Stan Cox

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Worship in the Local Church


Our Lord serves as a wonderful example of sacrificial giving.  Though divine, he gave up his position in heaven to dwell on earth as a man, “And being found in appearance as a man, He humbled Himself and became obedient to the point of death, even the death of the cross” (Philippians 2:8).   Of this action, Paul told the Corinthians, “For you know the grace of our Lord Jesus Christ, that though He was rich, yet for your sakes He became poor, that you through His poverty might become rich” (2 Corinthians 8:9).

God’s command to give “as he may prosper” (cf. 1 Corinthians 16:2), allows His children to follow their Lord’s example of sacrifice.  Such sacrifice enriches us spiritually even as we contribute to the Lord’s cause.  We have received so much, it is only proper that we give back a portion of that with which we have been blessed.

Giving monetarily to the Lord’s work is not only a privilege we enjoy as Christians, it is also a required duty.  As we do not have the option of declining the Lord’s Supper, or of remaining mute as others sing, we can not “opt out” of this aspect of Christian worship.  Paul wrote to the Corinthians, “Now concerning the collection for the saints, as I have given orders to the churches of Galatia, so you must do also: On the first day of the week let each one of you lay something aside, storing up as he may prosper, that there be no collections when I come” (1 Corinthians 16:1-2).  Much can be done by local churches to further the cause of our Lord.  Benevolent responsibilities, the support of preaching, and needs for the edification of the saints are met through such gifts of good will.  As with all acts of worship, it is important to know what God requires of us with regard to giving.

The aforementioned text in 1 Corinthians 16 concisely states God’s plan regarding the contribution.  It states When it is to be done, “Upon the first day of the week”; Who is to do it, “Each one of you”; and How much is to be given, “As he may prosper.”  Other passages serve to further illustrate what is required.

For example, with regard to how much must be given, we have the following from Paul:  “But this I say: He who sows sparingly will also reap sparingly, and he who sows bountifully will also reap bountifully. So let each one give as he purposes in his heart, not grudgingly or of necessity; for God loves a cheerful giver” (2 Corinthians 9:6-7).  Rather than fixing any particular amount or percentage, the Holy Spirit indicates that the heart dictates the amount we are to give.  The amount must be sacrificial, proportional to our income, and bountiful if we are to please God.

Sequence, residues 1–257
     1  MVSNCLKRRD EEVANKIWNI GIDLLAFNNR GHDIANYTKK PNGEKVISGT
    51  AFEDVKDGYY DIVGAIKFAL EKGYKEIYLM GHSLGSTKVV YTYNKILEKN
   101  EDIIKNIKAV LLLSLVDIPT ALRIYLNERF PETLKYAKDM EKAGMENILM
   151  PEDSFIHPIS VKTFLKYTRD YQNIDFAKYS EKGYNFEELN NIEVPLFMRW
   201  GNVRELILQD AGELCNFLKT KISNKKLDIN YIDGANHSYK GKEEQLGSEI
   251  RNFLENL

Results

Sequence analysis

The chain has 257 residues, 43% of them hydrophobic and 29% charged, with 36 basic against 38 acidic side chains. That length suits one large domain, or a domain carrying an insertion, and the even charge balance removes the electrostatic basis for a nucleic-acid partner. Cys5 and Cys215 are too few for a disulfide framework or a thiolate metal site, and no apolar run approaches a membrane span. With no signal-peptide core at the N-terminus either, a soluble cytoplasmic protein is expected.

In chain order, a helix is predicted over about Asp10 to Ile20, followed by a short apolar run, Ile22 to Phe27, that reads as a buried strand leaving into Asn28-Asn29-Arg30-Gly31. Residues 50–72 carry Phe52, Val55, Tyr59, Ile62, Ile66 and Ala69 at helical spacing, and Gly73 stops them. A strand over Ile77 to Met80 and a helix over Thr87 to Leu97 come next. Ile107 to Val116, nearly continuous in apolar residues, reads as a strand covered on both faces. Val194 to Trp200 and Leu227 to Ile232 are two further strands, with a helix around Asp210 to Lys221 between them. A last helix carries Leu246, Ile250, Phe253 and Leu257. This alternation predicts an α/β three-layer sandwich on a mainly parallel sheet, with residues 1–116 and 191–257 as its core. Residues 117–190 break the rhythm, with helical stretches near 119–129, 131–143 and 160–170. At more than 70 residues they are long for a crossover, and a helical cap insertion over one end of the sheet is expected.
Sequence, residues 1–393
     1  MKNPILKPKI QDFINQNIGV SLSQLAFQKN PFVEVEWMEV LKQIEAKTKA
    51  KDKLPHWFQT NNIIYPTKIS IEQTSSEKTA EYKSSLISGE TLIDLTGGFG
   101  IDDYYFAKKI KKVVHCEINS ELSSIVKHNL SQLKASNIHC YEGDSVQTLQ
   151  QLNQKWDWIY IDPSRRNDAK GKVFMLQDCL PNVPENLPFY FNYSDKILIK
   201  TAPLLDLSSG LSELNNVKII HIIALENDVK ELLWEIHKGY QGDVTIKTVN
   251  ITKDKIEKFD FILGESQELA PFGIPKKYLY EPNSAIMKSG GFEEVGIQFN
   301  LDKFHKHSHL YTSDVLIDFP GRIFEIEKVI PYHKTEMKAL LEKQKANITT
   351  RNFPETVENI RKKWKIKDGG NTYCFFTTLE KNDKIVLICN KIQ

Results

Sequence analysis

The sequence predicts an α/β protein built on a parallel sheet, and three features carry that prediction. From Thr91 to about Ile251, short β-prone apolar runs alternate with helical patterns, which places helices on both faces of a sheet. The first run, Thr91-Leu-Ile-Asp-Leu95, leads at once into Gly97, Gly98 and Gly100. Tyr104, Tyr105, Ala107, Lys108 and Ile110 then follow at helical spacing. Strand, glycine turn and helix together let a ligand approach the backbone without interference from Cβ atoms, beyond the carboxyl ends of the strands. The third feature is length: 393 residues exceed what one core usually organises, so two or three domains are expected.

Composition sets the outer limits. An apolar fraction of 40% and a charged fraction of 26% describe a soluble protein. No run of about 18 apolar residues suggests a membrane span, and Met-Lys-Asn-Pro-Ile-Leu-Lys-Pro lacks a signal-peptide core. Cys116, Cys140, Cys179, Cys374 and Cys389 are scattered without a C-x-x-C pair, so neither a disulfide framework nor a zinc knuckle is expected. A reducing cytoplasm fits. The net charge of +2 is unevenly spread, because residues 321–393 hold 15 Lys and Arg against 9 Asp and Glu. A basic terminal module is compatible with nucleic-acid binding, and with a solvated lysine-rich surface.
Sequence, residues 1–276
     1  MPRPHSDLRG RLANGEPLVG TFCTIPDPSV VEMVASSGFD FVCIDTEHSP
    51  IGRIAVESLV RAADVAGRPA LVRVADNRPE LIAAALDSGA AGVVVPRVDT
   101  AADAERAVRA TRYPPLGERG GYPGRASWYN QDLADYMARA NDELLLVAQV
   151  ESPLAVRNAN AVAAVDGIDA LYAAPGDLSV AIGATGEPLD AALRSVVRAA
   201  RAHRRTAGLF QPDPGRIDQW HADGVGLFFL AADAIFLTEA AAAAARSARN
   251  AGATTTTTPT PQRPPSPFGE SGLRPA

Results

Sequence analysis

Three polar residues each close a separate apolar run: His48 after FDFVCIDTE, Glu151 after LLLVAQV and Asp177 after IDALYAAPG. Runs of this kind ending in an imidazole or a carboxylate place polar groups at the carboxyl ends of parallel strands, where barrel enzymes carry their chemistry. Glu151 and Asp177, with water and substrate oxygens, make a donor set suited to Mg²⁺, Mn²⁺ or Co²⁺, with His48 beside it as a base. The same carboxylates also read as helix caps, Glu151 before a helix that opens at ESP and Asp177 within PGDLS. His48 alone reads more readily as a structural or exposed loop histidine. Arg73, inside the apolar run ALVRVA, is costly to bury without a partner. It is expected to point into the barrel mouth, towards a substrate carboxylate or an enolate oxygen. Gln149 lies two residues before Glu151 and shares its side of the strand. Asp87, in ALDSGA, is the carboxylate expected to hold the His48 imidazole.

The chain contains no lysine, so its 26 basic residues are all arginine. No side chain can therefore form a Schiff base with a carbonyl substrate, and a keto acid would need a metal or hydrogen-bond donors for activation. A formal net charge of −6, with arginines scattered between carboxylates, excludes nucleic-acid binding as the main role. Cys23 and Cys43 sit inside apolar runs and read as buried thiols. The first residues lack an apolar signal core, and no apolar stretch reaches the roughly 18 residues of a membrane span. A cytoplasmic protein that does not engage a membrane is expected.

Further, God requires we give cheerfully.  Though a duty, God expects our sacrifice to be willing.  This is true not only with regard to our monetary giving, but the sacrifice of ourselves.  Paul wrote to the Romans, “I beseech you therefore, brethren, by the mercies of God, that you present your bodies a living sacrifice, holy, acceptable to God, which is your reasonable service (Romans 12:1).  What God requires of us is not out of line.  It is not unreasonable.  It is not onerous.  We dare not resent what He requires.

The Macedonians serve as a wonderful example of proper generosity.  Paul wrote of them, “...that in a great trial of affliction the abundance of their joy and their deep poverty abounded in the riches of their liberality. For I bear witness that according to their ability, yes, and beyond their ability, they were freely willing...” (2 Corinthians 8:2-3).

Conversely, when the Jews failed to bring the offerings and tithes which God required, He termed it robbery.  “Will a man rob God?  Yet you have robbed Me!  But you say, ‘In what way have we robbed you?’  In tithes and offerings” (Malachi 3:8).

Great work can be done for the cause of Christ by the local church.  But, such work of benevolence, evangelism and edification takes money.  God has supplied the method by which this money is to be collected — the free-will offering of His saints.  A refusal to fulfill our duty not only indicts us before God, it hampers the work of our Lord.

As in all acts of worship to God, our service in this must be rendered in “spirit and in truth” (cf. John 4:24).  We must examine our hearts, and give ourselves first, that our liberality will commend us to God.   In so doing, as it was with the Philippians,  God  “shall supply all your need according to His riches in glory by Christ Jesus” (Philippians 4:19).

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